AND DEFEND A SCIENTIFIC ARGUMENT. Students in school
science programs should develop the abilities
associated with accurate and effective
communication. These include writing and following
procedures, expressing concepts,
reviewing information, summarizing data,
using language appropriately, developing diagrams
and charts, explaining
statistical analysis, speaking clearly
and logically, constructing a reasoned argument,
and responding appropriately to critical
Content Standard B-Physical Science
INTERACTIONS OF ENERGY AND MATTER
including sound and seismic waves, waves on water,
and light waves, have energy and can transfer energy
they interact with matter.
Related and Resource Websites
http://www.glenbrook.k12.il.us/gbssci/phys/Class/waves/wavestoc.html (simple tutorial on waves).
1. Organize students into groups of 3 or 4. Have one student
from each group be responsible for getting and returning materials.
Each group should get the following:
length of string
container for water
pebble or marble
2. Let students know they will be experimenting with
waves. They should have some background
knowledge of waves, and
might already know some of the vocabulary
words from the lesson objectives.
Instruct students to discuss with their
groups what they know about waves. Monitor the
get an idea
knowledge and misconceptions. You may
have them create a concept map on what they know
3. After students discussed in their groups,
let them experiment with the materials.
to use their
equipment to generate
waves. Although the experiment is open-ended,
encourage them to record observations and
they have been
given little direction, allow them the
rest of the first day to “explore” and develop a testable question. There
are endless possibilities for testable questions, but here
are some ideas to help the class arrive at the objectives:
- In what material do waves move the fastest or slowest?
- How will a wave behave when traveling through two different
- What determines the length, speed and height of the
latitudinal or longitudinal waves travel faster? (correct
here yet, but students
will see the
- At what rate do waves diminish? What influences
- What happens when two or more waves collide?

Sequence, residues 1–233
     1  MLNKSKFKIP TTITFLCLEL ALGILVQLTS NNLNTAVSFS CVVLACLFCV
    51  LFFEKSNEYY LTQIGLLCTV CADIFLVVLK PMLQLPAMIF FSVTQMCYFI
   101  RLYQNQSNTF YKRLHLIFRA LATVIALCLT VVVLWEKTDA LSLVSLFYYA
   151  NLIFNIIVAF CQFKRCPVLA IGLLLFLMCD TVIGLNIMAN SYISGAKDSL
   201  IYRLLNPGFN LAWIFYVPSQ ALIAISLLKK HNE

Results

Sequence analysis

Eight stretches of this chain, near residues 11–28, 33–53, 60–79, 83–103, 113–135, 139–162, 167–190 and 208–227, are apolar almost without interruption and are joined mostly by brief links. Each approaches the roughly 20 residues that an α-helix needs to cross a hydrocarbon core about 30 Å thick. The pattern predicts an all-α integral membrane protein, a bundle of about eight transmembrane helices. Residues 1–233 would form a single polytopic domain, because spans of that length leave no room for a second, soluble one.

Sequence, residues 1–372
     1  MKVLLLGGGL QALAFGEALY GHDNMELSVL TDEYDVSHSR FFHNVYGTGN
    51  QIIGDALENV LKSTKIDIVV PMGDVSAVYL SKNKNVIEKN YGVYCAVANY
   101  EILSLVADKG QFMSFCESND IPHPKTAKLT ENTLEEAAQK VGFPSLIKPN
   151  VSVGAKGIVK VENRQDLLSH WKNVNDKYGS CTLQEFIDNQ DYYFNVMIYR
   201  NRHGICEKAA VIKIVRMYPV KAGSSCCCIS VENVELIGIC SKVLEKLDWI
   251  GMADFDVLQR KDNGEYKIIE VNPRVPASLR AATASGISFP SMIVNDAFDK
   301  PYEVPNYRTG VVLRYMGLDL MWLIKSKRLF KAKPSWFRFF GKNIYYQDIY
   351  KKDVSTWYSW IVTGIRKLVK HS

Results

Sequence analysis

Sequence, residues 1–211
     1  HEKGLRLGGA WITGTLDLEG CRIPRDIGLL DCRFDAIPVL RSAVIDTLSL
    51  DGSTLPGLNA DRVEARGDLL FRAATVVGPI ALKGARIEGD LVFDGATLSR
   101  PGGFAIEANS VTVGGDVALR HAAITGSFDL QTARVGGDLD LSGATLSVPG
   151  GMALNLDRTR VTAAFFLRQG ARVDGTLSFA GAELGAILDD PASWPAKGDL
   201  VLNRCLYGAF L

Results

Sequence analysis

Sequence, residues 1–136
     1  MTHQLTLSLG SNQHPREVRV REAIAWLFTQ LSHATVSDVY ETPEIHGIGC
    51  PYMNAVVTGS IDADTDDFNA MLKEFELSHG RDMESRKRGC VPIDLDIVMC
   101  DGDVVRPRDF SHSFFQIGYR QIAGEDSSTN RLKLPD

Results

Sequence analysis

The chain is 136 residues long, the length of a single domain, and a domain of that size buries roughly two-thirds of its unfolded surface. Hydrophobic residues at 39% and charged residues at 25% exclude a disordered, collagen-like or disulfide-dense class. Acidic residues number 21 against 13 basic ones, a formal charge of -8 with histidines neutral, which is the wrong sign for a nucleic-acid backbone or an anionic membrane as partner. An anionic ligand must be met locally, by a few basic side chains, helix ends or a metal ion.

There are many, many
more—whatever your students come
4. Monitor the groups
and ensure by the
end of the
each group has a
will be designing
an experiment next
1. Have students
get in their groups,
materials and review their testable question.
2. The groups should
form a hypothesis
based on their
last class. They
an “if….then…” statement.
What do they expect to find from experimenting?
3. Students should
provide a written
and ensure their
experiment idea will
test their hypothesis.
Some guided questions:
will be the procedure?
many variations will be needed for this procedure?
many trials should occur for each variation?
will observations be record?
If hypothesis is supported, what will be the results?
If hypothesis is false, what will be the results?
4. Once the groups have determined an acceptable
experimental procedure, they may begin. Allow
remainder to obtain
5. Watch the clock and allow
a few minutes for them to
get in their
research ellicit more questions and curiosity from the class
for later lessons.
Each group presentation and the notes taken on vocabulary
words serve as lesson ‘s closure. Ask students
to incorporate what they learned into the concept map
they drew at the beginning.
labeling wave parts and period and frequency calculations
and finish lab reports.
knowledge about waves can be assessed in the concept maps created
at the beginning of class. Informal group observations during
design process and exploration provide a venue to assess students’ experiment
design and hypothesis development. The lab report has student
assessment on matching of hypothesis to a test. Students’ concept
understanding can be assessed by appropriate term use in the
lab report and in the final concept map.